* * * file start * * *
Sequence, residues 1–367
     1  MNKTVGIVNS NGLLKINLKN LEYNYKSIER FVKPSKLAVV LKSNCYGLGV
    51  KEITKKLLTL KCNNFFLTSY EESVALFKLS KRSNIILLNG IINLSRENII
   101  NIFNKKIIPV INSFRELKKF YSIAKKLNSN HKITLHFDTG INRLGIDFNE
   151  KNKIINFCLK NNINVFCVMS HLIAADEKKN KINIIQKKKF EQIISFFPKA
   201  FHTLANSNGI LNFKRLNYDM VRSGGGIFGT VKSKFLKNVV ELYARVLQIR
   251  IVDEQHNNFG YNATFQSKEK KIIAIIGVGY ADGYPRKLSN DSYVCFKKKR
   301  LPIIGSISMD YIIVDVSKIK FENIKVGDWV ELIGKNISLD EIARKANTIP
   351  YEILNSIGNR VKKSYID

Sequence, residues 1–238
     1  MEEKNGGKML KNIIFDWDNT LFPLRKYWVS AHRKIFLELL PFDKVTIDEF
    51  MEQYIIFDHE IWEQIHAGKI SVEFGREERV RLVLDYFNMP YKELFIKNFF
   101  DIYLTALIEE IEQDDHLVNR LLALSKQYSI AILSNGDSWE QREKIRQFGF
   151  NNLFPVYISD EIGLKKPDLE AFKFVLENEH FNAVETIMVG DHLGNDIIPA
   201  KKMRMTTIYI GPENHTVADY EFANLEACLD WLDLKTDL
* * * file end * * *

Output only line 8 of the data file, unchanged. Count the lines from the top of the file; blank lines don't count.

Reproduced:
   301  LPIIGSISMD YIIVDVSKIK FENIKVGDWV ELIGKNISLD EIARKANTIP